Elizabeth Warfield Coleman 1827 – 1835

This entry is a guess as E.W.C. is not mentioned in Paxton’s Marshall Family. However there is an interesting entry for a couple, at the right time, where a Marshall and Coleman married. As E.W.C. died at age 8, I include it here for your consideration

Source – Entry #184 in Paxton’s Marshall Family
(written circa. 1885)

184 ·(a)   Lucy Ambler Marshall b.  in Washington,Ky., December   30, 1802,  d. in  Vicksburg,  Miss., July 3,1858, = October 19 ,1826, Nicholas D. Coleman, b. April 22, 1800, d.at Vicksburg, May 11, 1874. Cousin Lucy was a pleasant, and amiable lady. Her wedding was the first I ever witnessed. After the re­moval of the :family :from Washington, I never  met her. She died in Vicksburg, and was brought home for burial.

Mr. Coleman was raised in Harrison Co. ,Ky. was well educated, studied law, represented Harrison County in the State Legislature in 1824 and 1825; was elected to Congress in 1829, as a Jackson Democrat, from the Mason District. The next election he was de­ feated by his wife’s cousin, Thomas A. Marshall. He was then appointed postmaster at Maysville, Ky.

About 1840, he was appointed postmaster at Vicksburg, Miss. While superintending the perform­ance of official duties, Col. Coleman continued the practice of law, and was an ardent advocate of many laudable enterprises. The. Maysville and Lexington Turnpike was his earliest scheme, and chiefly through his powerful advocacy Congress made a liberal appropriation for the road; but the bill, greatly to Mr. Coleman’s cha­grin ,was vetoed by President Jackson.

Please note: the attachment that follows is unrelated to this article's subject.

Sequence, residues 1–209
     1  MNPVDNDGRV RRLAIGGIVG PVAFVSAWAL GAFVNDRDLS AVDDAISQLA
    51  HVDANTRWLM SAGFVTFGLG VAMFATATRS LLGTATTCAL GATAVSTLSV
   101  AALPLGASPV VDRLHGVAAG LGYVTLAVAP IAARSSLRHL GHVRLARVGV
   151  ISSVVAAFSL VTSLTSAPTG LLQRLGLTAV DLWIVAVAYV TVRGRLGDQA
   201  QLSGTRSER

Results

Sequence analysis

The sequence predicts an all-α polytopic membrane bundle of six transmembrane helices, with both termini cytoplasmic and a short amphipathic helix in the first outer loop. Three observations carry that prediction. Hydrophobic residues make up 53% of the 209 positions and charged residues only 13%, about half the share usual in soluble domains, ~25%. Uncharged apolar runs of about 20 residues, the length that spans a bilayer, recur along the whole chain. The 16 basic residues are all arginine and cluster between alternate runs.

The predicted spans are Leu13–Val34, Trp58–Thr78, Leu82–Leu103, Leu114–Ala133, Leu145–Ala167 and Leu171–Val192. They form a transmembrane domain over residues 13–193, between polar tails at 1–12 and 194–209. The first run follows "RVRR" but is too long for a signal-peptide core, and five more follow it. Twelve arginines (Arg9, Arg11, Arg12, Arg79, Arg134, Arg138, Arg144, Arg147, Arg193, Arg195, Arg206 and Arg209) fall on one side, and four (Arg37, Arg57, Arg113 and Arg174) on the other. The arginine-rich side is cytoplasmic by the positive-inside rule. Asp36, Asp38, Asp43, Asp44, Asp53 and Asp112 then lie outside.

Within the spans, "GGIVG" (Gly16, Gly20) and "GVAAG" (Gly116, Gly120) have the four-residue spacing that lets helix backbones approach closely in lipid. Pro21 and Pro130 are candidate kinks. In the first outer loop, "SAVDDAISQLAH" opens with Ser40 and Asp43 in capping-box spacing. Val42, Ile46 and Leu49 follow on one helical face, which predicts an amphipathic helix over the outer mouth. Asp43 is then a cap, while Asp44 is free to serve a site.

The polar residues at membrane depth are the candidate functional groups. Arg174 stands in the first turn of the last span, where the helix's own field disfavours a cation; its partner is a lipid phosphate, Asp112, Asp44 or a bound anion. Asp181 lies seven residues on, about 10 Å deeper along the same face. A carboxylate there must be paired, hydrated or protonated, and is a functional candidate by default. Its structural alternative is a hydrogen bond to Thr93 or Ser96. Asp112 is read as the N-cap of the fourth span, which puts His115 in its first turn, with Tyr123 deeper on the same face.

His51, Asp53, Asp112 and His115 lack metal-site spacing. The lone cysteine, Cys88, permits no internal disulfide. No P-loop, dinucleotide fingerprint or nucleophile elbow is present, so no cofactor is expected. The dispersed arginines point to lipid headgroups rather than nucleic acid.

Another of his projects was a Southern Pacific Railroad, by way of  Vicksburg, Shreveport  and El Paso. He was overjoyed when ground was broken for his dar­ling enterprise, and for a time accepted the presidency of the DeSoto road. In 1855, Col. Coleman removed to New Orleans; was in the Senate of Louisiana when the war broke out; opposed secession, but when the State went out of  the Union,  he gave  an ardent  support to the Southern cause. His three sons were in  the  army;  two of them lost their lives, and all were covered with martial  chaplets.

After the war Col. Coleman found himself impoverished, and en­gaged in life insurance. He died at the houseof  his son, Major James T. Coleman, of Vicksburg. He died of disease of the heart. Col. Coleman was a handsome, accomplished and agreeable gentle­ man. His iron honor and adamantine integrity were joined with agreeable condescension and polished grace. He was equally loved and admired.